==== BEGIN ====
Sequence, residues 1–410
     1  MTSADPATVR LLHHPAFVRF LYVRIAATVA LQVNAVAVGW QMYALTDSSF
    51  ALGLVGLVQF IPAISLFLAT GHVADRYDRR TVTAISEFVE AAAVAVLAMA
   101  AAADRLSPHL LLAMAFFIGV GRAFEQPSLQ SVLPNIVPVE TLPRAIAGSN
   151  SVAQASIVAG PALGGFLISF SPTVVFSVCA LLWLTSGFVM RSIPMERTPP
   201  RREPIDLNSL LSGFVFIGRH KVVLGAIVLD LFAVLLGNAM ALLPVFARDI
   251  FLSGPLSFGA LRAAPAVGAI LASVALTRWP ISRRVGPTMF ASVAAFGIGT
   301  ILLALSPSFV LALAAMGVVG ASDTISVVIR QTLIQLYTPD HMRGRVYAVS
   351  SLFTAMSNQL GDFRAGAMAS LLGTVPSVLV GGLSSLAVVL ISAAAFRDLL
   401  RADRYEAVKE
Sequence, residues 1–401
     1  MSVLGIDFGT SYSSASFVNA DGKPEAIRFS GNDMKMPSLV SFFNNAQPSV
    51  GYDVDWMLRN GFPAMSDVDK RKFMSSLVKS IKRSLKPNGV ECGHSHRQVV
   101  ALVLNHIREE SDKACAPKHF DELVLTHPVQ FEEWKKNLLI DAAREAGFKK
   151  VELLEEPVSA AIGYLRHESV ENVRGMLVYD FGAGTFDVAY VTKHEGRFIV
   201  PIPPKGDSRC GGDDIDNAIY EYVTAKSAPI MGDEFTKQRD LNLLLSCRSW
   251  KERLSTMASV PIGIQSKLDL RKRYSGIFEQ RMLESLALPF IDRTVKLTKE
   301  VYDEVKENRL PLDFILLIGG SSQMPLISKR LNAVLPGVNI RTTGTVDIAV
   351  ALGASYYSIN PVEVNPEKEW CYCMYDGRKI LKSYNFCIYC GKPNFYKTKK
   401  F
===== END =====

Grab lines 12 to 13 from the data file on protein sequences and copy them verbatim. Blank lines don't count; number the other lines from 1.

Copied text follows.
     1  MSVLGIDFGT SYSSASFVNA DGKPEAIRFS GNDMKMPSLV SFFNNAQPSV
    51  GYDVDWMLRN GFPAMSDVDK RKFMSSLVKS IKRSLKPNGV ECGHSHRQVV